Biomedical Research

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- Biomedical Research (2006) Volume 17, Issue 2

otal antioxidant activity in Parkinson's Disease

Usha Adiga, D’souza J, Kousalya R, Rao G M*, Nandini M and D’souza V

Department of Biochemistry, Kasturba Medical College, Mangalore, India

*Corresponding Author:
Gayathri M Rao
Associate Professor
Dept. of Biochemistry, K.M.C., Mangalore, India
Tel: 0091-8242211767
E-mail: [email protected]

Accepted date: May 16, 2006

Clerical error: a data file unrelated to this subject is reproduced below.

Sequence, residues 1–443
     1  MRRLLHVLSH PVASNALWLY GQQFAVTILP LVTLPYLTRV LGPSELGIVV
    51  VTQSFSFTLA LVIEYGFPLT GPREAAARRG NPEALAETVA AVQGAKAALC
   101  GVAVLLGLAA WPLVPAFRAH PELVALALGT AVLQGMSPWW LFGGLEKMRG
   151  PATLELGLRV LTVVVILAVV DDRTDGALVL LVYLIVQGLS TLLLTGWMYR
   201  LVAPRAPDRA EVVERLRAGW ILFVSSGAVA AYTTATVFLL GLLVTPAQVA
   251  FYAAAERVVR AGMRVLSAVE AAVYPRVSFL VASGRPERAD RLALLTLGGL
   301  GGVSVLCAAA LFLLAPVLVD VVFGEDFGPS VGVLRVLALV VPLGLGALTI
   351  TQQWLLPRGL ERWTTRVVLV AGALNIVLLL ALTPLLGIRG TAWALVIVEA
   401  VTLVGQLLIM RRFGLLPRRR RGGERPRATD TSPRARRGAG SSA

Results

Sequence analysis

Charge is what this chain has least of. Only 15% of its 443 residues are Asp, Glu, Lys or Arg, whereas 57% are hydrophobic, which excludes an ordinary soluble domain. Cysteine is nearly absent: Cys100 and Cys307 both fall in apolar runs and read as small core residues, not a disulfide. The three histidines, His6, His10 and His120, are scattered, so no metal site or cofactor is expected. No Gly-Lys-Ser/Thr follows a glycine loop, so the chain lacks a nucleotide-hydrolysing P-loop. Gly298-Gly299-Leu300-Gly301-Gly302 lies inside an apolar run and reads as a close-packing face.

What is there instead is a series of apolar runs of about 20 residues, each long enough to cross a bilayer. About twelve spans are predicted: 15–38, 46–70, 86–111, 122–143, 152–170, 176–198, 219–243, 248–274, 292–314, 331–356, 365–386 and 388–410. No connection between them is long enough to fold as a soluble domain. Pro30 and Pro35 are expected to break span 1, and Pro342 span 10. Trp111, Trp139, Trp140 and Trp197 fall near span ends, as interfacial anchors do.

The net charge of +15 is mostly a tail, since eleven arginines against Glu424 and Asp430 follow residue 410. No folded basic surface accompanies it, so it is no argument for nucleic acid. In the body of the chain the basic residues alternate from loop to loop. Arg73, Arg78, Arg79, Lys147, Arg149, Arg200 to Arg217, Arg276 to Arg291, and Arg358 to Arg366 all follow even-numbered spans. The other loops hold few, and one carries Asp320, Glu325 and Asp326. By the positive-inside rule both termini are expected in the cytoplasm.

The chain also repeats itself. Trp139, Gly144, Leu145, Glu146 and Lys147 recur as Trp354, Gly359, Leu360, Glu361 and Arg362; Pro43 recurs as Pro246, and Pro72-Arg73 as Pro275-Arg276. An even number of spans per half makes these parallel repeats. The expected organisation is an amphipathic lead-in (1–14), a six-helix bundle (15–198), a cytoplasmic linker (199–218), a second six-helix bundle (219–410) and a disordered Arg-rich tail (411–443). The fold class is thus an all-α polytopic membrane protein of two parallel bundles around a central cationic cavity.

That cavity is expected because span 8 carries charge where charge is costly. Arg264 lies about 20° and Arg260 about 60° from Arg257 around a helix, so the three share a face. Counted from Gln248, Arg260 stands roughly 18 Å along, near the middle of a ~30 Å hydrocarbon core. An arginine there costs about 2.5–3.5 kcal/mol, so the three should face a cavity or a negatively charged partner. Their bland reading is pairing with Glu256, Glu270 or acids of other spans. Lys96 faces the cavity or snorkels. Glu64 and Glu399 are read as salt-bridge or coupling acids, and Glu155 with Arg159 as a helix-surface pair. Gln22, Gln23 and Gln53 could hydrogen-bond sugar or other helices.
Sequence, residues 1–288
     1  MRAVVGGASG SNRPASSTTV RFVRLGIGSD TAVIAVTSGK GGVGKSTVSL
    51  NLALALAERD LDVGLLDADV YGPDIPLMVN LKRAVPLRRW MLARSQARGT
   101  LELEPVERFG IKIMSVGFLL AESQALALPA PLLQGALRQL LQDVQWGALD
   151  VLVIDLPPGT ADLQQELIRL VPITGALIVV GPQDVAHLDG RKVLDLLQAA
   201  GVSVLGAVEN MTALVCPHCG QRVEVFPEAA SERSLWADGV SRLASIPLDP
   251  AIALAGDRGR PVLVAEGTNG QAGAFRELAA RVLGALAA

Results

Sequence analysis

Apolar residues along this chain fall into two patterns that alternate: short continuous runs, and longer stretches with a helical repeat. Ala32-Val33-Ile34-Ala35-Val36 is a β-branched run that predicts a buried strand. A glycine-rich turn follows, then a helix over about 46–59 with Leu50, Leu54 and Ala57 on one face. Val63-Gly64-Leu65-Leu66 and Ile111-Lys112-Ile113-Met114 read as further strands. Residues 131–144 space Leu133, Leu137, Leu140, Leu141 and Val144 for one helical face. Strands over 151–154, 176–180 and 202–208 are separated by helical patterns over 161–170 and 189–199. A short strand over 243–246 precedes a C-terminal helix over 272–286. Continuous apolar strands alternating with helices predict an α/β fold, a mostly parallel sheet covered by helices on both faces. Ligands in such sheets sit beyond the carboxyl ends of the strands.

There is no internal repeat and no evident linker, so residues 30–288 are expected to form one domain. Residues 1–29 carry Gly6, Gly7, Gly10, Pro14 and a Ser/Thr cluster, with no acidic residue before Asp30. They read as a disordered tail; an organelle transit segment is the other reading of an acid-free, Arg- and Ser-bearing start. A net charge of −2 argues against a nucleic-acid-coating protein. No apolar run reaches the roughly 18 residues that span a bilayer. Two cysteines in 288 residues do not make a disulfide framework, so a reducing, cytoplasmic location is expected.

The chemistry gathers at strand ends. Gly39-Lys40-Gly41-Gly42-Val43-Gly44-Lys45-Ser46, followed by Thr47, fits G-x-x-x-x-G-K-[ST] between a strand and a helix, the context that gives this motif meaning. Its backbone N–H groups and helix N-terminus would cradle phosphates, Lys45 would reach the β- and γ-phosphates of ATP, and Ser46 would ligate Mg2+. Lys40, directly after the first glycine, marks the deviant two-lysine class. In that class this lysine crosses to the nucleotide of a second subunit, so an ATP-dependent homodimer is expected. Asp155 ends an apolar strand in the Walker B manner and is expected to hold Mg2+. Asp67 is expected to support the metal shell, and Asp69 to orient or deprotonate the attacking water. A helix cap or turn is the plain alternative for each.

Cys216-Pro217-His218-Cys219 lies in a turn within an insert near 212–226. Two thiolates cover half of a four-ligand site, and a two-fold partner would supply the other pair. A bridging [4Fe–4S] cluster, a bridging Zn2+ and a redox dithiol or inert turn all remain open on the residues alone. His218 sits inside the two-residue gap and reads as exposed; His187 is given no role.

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Parkinson’s disease (PD) is one of the major progressive neurological disorders, characterized by the loss of dopaminergic neurons in pars compacta of the substantia nigra. The causes for this is the interactions between external toxins (which arise from environmental, dietary and life style factors) and internal toxins arising from normal metabolism, genetic and epigenetic (mitochondria, membranes and proteins) components. Oxidative stress is one of the intermediary risk factors that could initiate and promote degeneration of neurons. Even though oxidative stress in brain is an important factor in the neuropathology of PD, yet the role of systemic oxidative stress is inconclusive. In the present study, we estimated the total antioxidant activity (AOA) and albumin levels in twenty PD patients who were on levodopa, and in age matched twenty-five normal con-trols. We observed a significant reduction in total antioxidant activity in PD patients with a mean value of 0.93 ± 0.17 mmol/l as compared to 1.06 ± 0.16 mmol/l in controls (P < 0.001). Albumin levels were also significantly reduced in PD patients, with a mean of 2.52 ± 0.29 g/dl as compared to 3.0 ± 0.54 g/dl in controls (P < 0.001). It could be concluded from our study that the diminution in total antioxidant activity could be due to the reduction of radical trapping capacity of naturally occurring antioxidant albumin, which in turn could be due to reduced dietary supplementation or defective absorption of amino acids. Supplemen-tation of multiple antioxidants may slow down the progression of the disease.